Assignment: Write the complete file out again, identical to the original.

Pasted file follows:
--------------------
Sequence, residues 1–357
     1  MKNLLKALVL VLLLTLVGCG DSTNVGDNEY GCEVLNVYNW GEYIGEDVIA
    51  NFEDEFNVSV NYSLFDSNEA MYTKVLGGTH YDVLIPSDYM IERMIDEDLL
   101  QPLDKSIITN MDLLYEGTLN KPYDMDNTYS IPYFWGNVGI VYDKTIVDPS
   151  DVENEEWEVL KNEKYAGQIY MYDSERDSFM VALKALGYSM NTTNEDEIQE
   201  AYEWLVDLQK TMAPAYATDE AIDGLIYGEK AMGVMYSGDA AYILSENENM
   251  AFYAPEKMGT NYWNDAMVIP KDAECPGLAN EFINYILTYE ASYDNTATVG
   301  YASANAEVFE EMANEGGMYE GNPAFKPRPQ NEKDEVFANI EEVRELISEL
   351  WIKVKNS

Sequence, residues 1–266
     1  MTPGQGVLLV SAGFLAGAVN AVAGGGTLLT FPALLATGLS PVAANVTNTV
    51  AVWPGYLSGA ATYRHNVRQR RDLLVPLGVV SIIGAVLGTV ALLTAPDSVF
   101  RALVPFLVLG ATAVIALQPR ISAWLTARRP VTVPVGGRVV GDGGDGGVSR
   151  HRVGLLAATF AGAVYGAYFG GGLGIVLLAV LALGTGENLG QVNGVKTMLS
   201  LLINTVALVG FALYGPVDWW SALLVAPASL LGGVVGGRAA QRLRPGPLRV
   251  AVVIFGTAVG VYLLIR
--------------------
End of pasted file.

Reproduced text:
Sequence, residues 1–357
     1  MKNLLKALVL VLLLTLVGCG DSTNVGDNEY GCEVLNVYNW GEYIGEDVIA
    51  NFEDEFNVSV NYSLFDSNEA MYTKVLGGTH YDVLIPSDYM IERMIDEDLL
   101  QPLDKSIITN MDLLYEGTLN KPYDMDNTYS IPYFWGNVGI VYDKTIVDPS
   151  DVENEEWEVL KNEKYAGQIY MYDSERDSFM VALKALGYSM NTTNEDEIQE
   201  AYEWLVDLQK TMAPAYATDE AIDGLIYGEK AMGVMYSGDA AYILSENENM
   251  AFYAPEKMGT NYWNDAMVIP KDAECPGLAN EFINYILTYE ASYDNTATVG
   301  YASANAEVFE EMANEGGMYE GNPAFKPRPQ NEKDEVFANI EEVRELISEL
   351  WIKVKNS

Sequence, residues 1–266
     1  MTPGQGVLLV SAGFLAGAVN AVAGGGTLLT FPALLATGLS PVAANVTNTV
    51  AVWPGYLSGA ATYRHNVRQR RDLLVPLGVV SIIGAVLGTV ALLTAPDSVF
   101  RALVPFLVLG ATAVIALQPR ISAWLTARRP VTVPVGGRVV GDGGDGGVSR
   151  HRVGLLAATF AGAVYGAYFG GGLGIVLLAV LALGTGENLG QVNGVKTMLS
   201  LLINTVALVG FALYGPVDWW SALLVAPASL LGGVVGGRAA QRLRPGPLRV
   251  AVVIFGTAVG VYLLIR